Mindfulness is the practice of deliberately focusing your thoughts on this moment, and admitting it without judgment. Mindfulness is now being examined accurately and maybe a key element in stress reduction and overall happiness.
Mindfulness is the basic human ability to be fully present and aware of where we are and what we are doing and overwhelmed by what is going around us.
While mindfulness is something that we all naturally take for granted, it is readily available to us when we practice on a daily basis.
Whenever you are experiencing your thoughts and feelings through your senses or directly about your state of mind, you bring awareness. Given that research is growing one is actually remodeling the physical structure of your brain.
Mindfulness signifies maintaining a step-by-step awareness of our beliefs, judgments, physical sensations, and the surrounding environment.
Mindfulness also includes acceptance, meaning that we concentrate on our thoughts and feelings without judging them, without considering, as an example, that there is a 'right' or 'wrong' way to think, or a feeling during a given moment.
Once we practice mindfulness, our thoughts tune into what we’re sensing within the moment instead of rehashing the past or imagining the future.
Mindfulness psychology - Accepting our past
Each of us has a past that can be either pleasant or sad. All pleasant events are classified as sweet memories and reappear each time. Some say that repetition gives them strength and refreshes their present. While some great thinker’s say that this will not be right because it can spoil the present by comparing it with the past.
The really great truth is that "I can never make any improvement in my past and at the same time I cannot complete the present as it was in the past". So in other words the negative effect of the past is more than the positive effect on my present.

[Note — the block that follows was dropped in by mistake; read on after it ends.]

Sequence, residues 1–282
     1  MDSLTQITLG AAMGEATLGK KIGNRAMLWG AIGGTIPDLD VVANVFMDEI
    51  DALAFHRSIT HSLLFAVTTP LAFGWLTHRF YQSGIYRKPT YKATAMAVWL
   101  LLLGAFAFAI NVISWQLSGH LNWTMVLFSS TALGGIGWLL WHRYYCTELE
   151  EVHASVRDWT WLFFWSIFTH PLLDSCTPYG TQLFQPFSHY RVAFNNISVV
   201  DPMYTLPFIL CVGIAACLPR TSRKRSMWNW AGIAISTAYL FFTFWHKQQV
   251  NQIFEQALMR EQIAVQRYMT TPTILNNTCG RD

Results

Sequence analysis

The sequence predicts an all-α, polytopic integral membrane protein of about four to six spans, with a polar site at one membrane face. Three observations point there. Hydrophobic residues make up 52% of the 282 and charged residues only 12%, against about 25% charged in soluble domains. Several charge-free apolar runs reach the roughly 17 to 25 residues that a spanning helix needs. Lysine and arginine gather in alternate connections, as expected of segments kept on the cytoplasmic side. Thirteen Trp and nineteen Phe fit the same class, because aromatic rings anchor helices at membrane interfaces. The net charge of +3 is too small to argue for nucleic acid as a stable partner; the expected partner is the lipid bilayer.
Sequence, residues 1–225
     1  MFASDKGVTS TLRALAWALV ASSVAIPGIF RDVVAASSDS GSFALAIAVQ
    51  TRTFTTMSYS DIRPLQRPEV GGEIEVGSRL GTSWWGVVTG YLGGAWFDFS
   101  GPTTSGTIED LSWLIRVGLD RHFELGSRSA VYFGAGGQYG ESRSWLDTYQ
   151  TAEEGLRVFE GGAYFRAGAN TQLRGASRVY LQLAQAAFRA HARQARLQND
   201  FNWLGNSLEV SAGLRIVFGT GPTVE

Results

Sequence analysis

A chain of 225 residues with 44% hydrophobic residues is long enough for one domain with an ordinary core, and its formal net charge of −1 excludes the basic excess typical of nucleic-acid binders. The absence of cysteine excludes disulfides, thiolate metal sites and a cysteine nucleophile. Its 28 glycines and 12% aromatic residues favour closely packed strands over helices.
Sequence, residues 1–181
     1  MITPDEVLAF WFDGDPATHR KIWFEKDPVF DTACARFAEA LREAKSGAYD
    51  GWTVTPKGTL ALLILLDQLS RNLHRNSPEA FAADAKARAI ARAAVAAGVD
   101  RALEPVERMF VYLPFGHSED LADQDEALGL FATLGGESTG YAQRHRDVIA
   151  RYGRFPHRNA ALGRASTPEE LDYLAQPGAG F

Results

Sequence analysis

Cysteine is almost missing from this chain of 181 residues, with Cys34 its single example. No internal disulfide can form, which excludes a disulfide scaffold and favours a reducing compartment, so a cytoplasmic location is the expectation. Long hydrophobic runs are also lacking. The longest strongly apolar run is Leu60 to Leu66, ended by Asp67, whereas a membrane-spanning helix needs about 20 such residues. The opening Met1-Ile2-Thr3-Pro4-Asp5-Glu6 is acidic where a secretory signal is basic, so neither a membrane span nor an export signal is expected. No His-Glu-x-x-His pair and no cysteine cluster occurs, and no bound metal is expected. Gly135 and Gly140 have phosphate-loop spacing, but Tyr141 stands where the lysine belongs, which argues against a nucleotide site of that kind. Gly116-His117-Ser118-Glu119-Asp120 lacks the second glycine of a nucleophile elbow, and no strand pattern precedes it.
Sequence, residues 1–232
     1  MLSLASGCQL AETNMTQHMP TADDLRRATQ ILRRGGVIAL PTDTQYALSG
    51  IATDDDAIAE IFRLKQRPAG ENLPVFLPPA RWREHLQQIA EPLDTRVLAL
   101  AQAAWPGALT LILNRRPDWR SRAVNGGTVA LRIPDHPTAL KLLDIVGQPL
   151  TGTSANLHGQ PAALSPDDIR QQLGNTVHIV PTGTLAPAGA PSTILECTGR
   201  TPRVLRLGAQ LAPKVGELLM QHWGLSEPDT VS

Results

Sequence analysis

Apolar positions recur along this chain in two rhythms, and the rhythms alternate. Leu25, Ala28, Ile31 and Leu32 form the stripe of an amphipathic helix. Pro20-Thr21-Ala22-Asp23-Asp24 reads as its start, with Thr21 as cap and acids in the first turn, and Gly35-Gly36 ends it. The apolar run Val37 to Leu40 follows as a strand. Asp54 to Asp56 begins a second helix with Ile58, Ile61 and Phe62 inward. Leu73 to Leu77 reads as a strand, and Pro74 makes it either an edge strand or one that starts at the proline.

The really great truth is that "we can never make any improvement in our past as well as correct the present as it was in the past". So in other words the negative effect of the past is more than the positive effect on the present.
If we waste our present, then in reality we are also ruining our future. So if we are not prepared to handle the present properly, it will become an imperfect past, on which we will waste both our present and future. There is no need to worry about uncontrollable things to show that we have no control which is past.
But we have the present which is still under our control. If we focus on improving it instead of brooding on the past, we can control our future as well.
Not being anxious about the future - Mindfulness Benefits
There is no need to feel anxious or anxious or criticize yourself for trying to force thoughts out of your head. In short - avoid any conflict with ideas. Struggling with ideas is like struggling a little faster. It only immerses you deep.
Instead of struggling with thoughts, you can simply be unrestrained by your anxiety thoughts and see them purposefully and calmly. By labeling it "just an anxiety", you immediately step back from the thought, stop the conflict with what is happening, and recognize that thoughts of worry are just - just thoughts. Not reality. You are not stuck in your head at that moment of realization and can bring your attention back to the present moment.
You don't have to waste energy fighting anxiety and worry, but you don't even have to 'buy' it anymore. With this simple practice, you can recognize unethical thoughts, label them "just worrying", and take your day in a relaxed and calm state.
Clearly writing down our goals - Examples of Mindfulness
We know the importance of goal setting, but most of the times our goals are not measurable and clearly defined.
According to a study on goal setting, people who write their goals are no more than those who achieve it.
Most people do not bother to write their goals, instead they float in life wondering why their plans never work, and this is due to the fact that they do not understand the importance of written goals.
The secret to achieving your goals in life involves writing them in a well-defined and clear manner.